No Rest for the Wicked by A.M. Riley
Adam has gone through a lot of changes in the past year, a new taste for ‘O’ neg blood and allergy to sunlight being the least of them. Maybe it’s the cute young grad student who has been sniffing around Adam’s longtime sex partner, Peter. Or maybe immortality gives a man a little too much time to think. But Adam’s feeling motivated to change a few of his ways. If he could just get Peter to stop working long enough to notice.
Peter has his own issues with dating a dead man. And after over a decade of being in love with a commitment-phobe, he’s finding it hard to believe that Adam isn’t sampling the goods of the hot young vampire he works with.
They manage their issues the way they always have. By not talking about them…until a high profile computer software genius turns up drained in Hollywood, revealing a new vampire gang in Los Angeles, and all of their troubles come to a head. There’s no rest for the wicked.
[No clue what to say about this cover. The red I get – vampires and all. But the naked guy? I mean, there’s sex yea but this is a vamp book where sex isn’t the major component. I don’t get the cover. ]
I’m definitely not ashamed to say I am a fan of AM Riley’s writing. Also being a vampire groupie, the combination gives a fabulous series that is delightful, edgy, absorbing, and flat out entertaining. I pick up these books and never want them to end. No Rest for the Wicked is much the same with Adam’s first person point of view and very similar antics as the previous book. There is less of a focus on the criminal/police element and more on the resolution of Peter and Adam’s ongoing, slightly dysfunctional relationship. The ending has a finality to it that wraps everything up very neatly and stops the series in an excellent point. Of course as with any beloved book and characters, more would be welcome, but if the author never revisits Adam and Peter she’s left us fans with a wonderful swan song.
The story starts out with our beloved, anti-hero Adam. Adam has been trying to be a good little vampire for the past year since we saw him last. He’s drinking bagged blood, hooked up with a small group of vampires out to keep the civilians from being lunch while attempting to woo Peter with something resembling a real date. Adam’s discovering jealousy for the first time in the form of a younger, preppy suitor for Peter that is most importantly, alive and human. Startled by the unwanted competition, Adam is abstaining from random sex with others and trying to be a good boyfriend. But life is never easy for the undead and a celebrity body is found on their big date, landing Peter the investigation and Adam reluctantly helping.
Told from Adam’s first person point of view, the plot has the expected police/criminal/vampire tie ins. Here the dead body was drained and left with puncture marks so Adam and his makeshift group are asked to figure out who is draining celebrities. The actual mystery is somewhat convoluted but that may be partly my fault. The relationship between Adam and Peter is so much more present and intense in this offering that I found myself wanting to skim the actual mystery to get back to the meat of the story. Thankfully also the vampire involvement is less complicated than the previous book and blends the relationship aspect much better. There are a few holes or questions still unresolved at the end, but these are minor.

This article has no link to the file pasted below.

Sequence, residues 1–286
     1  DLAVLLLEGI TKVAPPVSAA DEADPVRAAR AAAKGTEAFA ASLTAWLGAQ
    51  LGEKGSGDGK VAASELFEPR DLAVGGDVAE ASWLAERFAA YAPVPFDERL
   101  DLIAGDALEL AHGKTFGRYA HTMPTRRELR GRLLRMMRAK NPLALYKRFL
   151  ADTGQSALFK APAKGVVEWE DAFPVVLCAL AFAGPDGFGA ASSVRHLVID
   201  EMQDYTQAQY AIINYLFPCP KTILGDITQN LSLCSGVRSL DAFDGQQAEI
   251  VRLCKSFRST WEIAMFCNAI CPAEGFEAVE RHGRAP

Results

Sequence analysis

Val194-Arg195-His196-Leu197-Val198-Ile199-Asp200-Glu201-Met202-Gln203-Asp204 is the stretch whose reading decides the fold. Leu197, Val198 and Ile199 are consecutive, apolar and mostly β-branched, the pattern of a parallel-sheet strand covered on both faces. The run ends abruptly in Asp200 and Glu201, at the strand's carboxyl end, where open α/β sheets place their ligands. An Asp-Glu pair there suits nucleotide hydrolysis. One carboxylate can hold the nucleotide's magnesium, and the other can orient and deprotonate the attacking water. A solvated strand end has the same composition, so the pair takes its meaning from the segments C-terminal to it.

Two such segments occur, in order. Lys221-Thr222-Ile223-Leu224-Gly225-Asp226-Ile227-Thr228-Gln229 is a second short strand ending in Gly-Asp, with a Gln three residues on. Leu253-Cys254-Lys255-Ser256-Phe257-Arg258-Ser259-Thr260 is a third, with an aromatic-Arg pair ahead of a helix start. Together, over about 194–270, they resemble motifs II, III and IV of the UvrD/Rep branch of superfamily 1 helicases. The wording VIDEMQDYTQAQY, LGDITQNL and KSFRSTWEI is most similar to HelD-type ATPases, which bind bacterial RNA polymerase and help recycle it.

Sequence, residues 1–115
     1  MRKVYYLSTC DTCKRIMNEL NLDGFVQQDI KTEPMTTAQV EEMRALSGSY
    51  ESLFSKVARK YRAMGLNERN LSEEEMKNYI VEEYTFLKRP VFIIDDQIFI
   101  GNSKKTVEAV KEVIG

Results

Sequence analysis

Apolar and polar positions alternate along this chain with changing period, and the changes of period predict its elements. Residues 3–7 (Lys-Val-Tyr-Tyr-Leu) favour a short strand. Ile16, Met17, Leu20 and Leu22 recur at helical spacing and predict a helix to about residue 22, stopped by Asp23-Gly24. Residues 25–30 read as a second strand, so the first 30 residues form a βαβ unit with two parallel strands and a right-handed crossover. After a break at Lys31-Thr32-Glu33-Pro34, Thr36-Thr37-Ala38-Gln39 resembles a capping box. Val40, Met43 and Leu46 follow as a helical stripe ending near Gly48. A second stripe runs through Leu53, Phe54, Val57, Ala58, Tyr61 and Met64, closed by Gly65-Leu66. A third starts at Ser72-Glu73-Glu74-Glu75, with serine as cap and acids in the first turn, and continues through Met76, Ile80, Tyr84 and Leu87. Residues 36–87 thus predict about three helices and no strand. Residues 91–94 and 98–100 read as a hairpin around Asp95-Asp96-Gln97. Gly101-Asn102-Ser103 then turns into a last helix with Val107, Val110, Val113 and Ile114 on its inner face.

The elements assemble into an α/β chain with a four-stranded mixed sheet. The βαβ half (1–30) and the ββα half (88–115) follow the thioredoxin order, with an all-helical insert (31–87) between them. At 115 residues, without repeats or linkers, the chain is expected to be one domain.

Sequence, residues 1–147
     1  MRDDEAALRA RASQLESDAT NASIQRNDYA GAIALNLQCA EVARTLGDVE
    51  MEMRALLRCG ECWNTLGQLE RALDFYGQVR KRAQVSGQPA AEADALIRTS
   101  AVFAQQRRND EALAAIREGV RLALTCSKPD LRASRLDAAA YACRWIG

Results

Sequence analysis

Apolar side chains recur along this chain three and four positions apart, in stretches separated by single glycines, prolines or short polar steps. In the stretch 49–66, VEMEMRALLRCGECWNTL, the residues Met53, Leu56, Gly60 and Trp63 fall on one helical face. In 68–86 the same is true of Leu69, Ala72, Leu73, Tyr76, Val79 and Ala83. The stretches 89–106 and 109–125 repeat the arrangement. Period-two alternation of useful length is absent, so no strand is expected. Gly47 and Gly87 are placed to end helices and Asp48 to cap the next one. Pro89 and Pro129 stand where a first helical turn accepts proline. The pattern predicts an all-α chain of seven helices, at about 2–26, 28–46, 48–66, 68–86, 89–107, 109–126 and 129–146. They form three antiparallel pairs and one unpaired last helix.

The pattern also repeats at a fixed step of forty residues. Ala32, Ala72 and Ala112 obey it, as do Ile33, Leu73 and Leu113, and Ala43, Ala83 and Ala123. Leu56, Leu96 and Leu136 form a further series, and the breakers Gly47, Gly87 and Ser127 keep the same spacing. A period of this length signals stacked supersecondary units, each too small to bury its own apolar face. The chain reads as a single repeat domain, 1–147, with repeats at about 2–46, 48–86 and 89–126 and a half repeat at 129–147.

The relationship between Adam and Peter is much more involved this time around. Whereas Peter came off slightly sad and pathetic for putting up with Adam’s infidelity and poor behavior, here we see Adam’s perspective in how long he has been fascinated by Peter. How he ached for the man well before they ever got involved and finally Adam admits to the depths of his feelings, which go beyond physical. Peter for his part shows more of a spine and his reasons start to become clearer. He’s not innocent or naïve of Adam’s actions but chooses to believe in their connection and Adam’s goodness, much more than Adam initially does. Their chemistry is hot and visceral with a lot of sex between them but there is a wealth of tenderness in the small gestures as well. In fact the final selfless gesture Adam makes at the end is almost shocking, given his character and he seems to come full circle from the start of the first book.
Once again the book shines with solid writing and great chemistry. Adam is a lovable anti-hero with a disagreeable, dismissive attitude yet turns on a dime when trying to change for Peter. The dichotomy is humorous, engaging, and shows another side to the man used to doing what he wants, when he wants and never caring about the consequences. The ragtag vampire group Adam has aligned with is weird in their own right but offer a delightful, interesting contrast to the uptight, overworked police. Here the vampire group is the hero against the police who are too worried about protocol and placing blame to actually accomplish much. Adam’s silent and witty observations offer a lot of charm and humor throughout as his wry voice carries the book. Although Peter’s point of view would have been welcome, Adam’s unique voice is the strength of the series.
No Rest could be read on its own but I’d suggest reading Immortality first before tackling this. The Christmas short can be read whenever but reading Immortality first and No Rest second will give a more thorough look at the men and their connection. The neat resolution ties up most loose ends while giving a solid happy ending so Adam and Peter can ride off in the proverbial moonlight. This mini-series is not to be missed for romance fans or vamp lovers. Get it now.
Get it HERE!